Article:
Why do I Think that the Information Covered in the First Ten Lessons of the Course is Not Covered in American History Textbooks in High school or College?

Today, we have access to more historic information than ever before. New information that counteracts the old historical “truths,” are becoming more and more common today, thanks to the discoveries of numerous experts. Though this is the case today and has been for the last one hundred years or so, the history textbooks provided in high school and college courses are limited in information. This is as if these history textbooks were designed to push out a certain narrative regardless of it being the truly accurate one. In the first ten lessons of the Ron Paul Curriculum grade twelve history course this issue is discussed. Why do I believe that the information covered in these ten lessons is not covered in American history textbooks or courses today?

    An example of how a certain narrative that is not necessarily accurate is popularized, is with the question of, “was Christopher Columbus the first person to reach North America?” This was disproved when an old Viking Village was discovered which changed the narrative to: “Vikings first who did nothing, and then Columbus who did something.” The belief is the popular one today and is widely believed by many, regardless of the truth that there have been finds in America that would disprove this belief. Even though these finds that disprove the statement are available on various sources such as the internet to some extent, many individuals do not even know of the existence of these discoveries. This is thanks to how the guilds of education and the media suppress the information of these discoveries from reaching the majority of the public.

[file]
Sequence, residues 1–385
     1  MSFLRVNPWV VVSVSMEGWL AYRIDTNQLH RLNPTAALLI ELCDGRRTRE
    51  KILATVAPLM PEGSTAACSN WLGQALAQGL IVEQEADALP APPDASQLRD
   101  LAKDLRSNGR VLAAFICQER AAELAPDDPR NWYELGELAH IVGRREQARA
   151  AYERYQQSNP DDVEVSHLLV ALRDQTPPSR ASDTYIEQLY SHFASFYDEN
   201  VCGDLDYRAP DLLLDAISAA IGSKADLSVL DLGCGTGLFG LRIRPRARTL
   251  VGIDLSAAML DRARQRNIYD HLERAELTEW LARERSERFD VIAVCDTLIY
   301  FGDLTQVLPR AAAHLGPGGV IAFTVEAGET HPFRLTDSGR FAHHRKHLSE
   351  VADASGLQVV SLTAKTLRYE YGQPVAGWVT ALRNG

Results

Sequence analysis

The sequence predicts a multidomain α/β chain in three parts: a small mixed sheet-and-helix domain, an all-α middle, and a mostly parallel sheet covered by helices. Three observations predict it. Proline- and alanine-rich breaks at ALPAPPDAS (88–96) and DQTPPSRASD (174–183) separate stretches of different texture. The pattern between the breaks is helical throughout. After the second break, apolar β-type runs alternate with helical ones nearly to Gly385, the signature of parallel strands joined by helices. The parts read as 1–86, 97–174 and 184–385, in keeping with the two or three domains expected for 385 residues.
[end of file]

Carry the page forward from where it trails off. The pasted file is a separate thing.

A number of reasons could have been the cause of this issue in the education system, but a leading one is pride. People despise being proven wrong, and history experts are likely no different. The individuals involved in the education system do not want to admit that someone else or a different group of people discovered something that was real that disproved the belief that they were pushing. The only way that these individuals would change their agenda or to begin pushing the recent and more accurate belief is if their own people made the discovery or did extra research on the already discovered new belief. Sadly, the education system truly seems to only put out new information when it benefits them at the moment. Because the information that counteracts the “Vikings first, who did nothing, then Columbus who did something,” narrative does not benefit the system, the new information will not be pushed out anytime soon. 

   In conclusion, the reason why I believe that the information covered in the first ten lessons of the grade twelve Ron Paul Curriculum course is not covered in American high schools and college textbooks today is because this information does not fit in the agenda of the American education guilds. It counteracts the narrative they have been pushing out for decades.

1 Comment

  1. Annette says:

    And at this point, I don’t remember all that was taught in public school and college in history. I do remember covering the Civil War. Other wars are skipped over or given in a small bite.

    Liked by 1 person

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